Sabah STAR president Datuk Seri Dr Jeffrey Kitingan said this was the best way forward because any changes to the wording of the Federal Constitution affecting the Bornean states should be agreed upon by the Sabah government and its legislative assembly, rather than the federal ministers.
"It does not matter that the federal ministers are Sabahans or Sarawakians. The reality is that as long as they are federal ministers, they represent the Federal Government, not the Sabah or Sarawak government.
"On the contrary, the Sabah and Sarawak legislative assemblies represent Sabahans and Sarawakians respectively.
"Any decision made by the Parliament that affects the Bornean states without the consent of the governments of Sabah and Sarawak would be illegitimate," he said in a statement here on Saturday (Oct 23).
As such, Kitingan said he welcomed the decision to delay the tabling of the Bill to amend the Federal Constitution as announced by Minister in the Prime Minister's Department for Parliament and Law Datuk Seri Dr Wan Junaidi Tuanku Jaafar.
Kitingan, who is also Sabah Deputy Chief Minister, said he had always maintained that the proposed wording in the amendments would create more ambiguities, potentially opening the subject to different interpretations, depending on what one believes.
He said that only after the Sabah assembly had debated and unanimously decided on the proper wording to be used, then the decision should be conveyed to Parliament and the Federal Government.
"Furthermore, we don’t want these amendments to be merely cosmetic changes when in reality, Sabah and Sarawak are still not treated as equal partners in this partnership.
"Don’t forget many issues concerning Malaysia and the Malaysia Agreement 1963 (MA63) remain unresolved.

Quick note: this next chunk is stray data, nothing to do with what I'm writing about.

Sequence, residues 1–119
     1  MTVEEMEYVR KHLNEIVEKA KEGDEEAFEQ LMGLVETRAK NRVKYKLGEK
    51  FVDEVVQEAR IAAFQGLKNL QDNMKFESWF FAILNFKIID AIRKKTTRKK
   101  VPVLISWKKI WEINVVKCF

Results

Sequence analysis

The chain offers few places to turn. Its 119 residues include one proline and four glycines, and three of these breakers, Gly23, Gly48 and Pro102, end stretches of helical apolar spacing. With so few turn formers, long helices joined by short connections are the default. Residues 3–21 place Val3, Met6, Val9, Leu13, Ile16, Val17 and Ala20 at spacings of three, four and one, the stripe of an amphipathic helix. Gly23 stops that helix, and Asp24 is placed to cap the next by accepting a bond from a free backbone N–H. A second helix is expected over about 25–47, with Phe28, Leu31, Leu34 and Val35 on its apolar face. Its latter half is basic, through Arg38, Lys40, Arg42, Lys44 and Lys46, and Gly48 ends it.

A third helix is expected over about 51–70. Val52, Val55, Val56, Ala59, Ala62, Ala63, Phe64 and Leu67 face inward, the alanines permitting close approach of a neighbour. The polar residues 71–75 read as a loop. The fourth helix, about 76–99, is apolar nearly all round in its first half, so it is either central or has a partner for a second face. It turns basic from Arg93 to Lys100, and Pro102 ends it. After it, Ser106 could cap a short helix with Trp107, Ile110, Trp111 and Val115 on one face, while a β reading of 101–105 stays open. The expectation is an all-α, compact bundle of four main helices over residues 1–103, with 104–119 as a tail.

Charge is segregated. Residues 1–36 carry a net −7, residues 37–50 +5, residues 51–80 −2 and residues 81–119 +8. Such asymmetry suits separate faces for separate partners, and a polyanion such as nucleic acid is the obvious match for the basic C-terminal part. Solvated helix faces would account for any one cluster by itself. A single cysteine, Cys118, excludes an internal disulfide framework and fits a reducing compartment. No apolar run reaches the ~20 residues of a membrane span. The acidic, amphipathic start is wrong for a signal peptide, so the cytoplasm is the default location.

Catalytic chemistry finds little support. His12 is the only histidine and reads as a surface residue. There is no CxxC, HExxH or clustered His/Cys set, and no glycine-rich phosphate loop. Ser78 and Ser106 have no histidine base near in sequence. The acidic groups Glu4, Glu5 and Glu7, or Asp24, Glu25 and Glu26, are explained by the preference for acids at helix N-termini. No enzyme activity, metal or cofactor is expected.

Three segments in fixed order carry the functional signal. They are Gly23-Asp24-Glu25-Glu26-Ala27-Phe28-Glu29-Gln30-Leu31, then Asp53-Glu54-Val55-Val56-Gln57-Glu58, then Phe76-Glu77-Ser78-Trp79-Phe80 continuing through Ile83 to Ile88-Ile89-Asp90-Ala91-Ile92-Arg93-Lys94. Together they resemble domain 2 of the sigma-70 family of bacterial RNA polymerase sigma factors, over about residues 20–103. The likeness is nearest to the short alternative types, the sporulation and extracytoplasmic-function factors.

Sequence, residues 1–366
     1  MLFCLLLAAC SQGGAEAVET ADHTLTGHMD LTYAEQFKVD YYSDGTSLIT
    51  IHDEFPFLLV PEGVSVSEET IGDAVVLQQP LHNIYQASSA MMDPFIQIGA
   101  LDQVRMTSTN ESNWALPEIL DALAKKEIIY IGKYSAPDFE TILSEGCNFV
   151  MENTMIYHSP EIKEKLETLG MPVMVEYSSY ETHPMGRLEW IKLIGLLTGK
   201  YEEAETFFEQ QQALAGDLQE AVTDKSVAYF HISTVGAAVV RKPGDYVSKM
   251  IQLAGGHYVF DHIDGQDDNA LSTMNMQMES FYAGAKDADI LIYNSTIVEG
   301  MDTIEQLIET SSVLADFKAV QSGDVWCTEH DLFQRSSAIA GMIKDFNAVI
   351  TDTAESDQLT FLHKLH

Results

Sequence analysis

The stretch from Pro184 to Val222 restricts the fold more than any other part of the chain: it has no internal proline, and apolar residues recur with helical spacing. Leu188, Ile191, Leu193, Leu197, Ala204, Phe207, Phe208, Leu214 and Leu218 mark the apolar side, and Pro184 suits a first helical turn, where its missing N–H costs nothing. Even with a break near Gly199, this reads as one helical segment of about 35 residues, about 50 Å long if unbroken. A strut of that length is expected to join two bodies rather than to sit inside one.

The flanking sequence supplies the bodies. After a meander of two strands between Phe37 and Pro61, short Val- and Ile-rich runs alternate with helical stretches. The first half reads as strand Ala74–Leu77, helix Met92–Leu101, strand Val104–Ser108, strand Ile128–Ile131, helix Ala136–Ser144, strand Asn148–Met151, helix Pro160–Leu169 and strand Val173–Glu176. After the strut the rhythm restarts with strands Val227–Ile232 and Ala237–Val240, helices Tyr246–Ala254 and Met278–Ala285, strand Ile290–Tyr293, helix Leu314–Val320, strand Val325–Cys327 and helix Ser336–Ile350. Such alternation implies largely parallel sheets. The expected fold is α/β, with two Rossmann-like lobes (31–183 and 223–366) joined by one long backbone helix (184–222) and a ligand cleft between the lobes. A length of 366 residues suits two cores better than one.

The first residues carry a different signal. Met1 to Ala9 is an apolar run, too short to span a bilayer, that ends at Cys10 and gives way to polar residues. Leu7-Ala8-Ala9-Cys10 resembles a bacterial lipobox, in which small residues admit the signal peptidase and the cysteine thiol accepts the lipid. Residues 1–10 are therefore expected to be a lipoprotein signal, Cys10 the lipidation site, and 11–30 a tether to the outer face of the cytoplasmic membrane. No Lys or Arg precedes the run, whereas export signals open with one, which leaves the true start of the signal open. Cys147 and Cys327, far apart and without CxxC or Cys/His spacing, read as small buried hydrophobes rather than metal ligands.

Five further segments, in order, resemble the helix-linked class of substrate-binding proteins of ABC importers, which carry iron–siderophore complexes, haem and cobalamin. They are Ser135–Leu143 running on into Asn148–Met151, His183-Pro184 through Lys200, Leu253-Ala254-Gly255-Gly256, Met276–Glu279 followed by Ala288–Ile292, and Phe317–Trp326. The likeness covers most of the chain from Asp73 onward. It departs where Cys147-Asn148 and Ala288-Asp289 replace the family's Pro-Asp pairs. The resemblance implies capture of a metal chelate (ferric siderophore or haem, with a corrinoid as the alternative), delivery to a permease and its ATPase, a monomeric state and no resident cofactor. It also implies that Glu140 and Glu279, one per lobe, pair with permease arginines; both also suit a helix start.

"For example, the agreement’s wording has led some to believe that Sabah and Sarawak become parts of Malaya as per Article 1 of the agreement, which stated that Sabah and Sarawak are federated with the existing states of the Federation of Malaya, making us states number 12 and 13 of Malaya," he said.
"In the end, what we see is Malaya changing its name to Malaysia and expanding its borders to include Sabah and Sarawak.
"That is not the aspiration of Malaysia and it is not what our forefathers hoped for when they first agreed to this," Kitingan added.
He said in contrast with MA63, the Proclamation of Malaysia on Sept 16, 1963 which completed the process of forming Malaysia, stated that Sabah and Sarawak (and Singapore) were federated with the Federation of Malaya.
"All I want to say is that going back to MA63 is going backwards. Why not proceed in accordance with the Proclamation of Malaysia when Sabah and Sarawak statuses have changed from colonies to nation states?" he asked.
He suggested that his proposal be tabled in the Sabah assembly special sitting to be debated and resolved by all assemblymen.
"Whatever comes out of our DUN will be the official position of Sabah in any amendment to the Federal Constitution affecting the Bornean states," he said.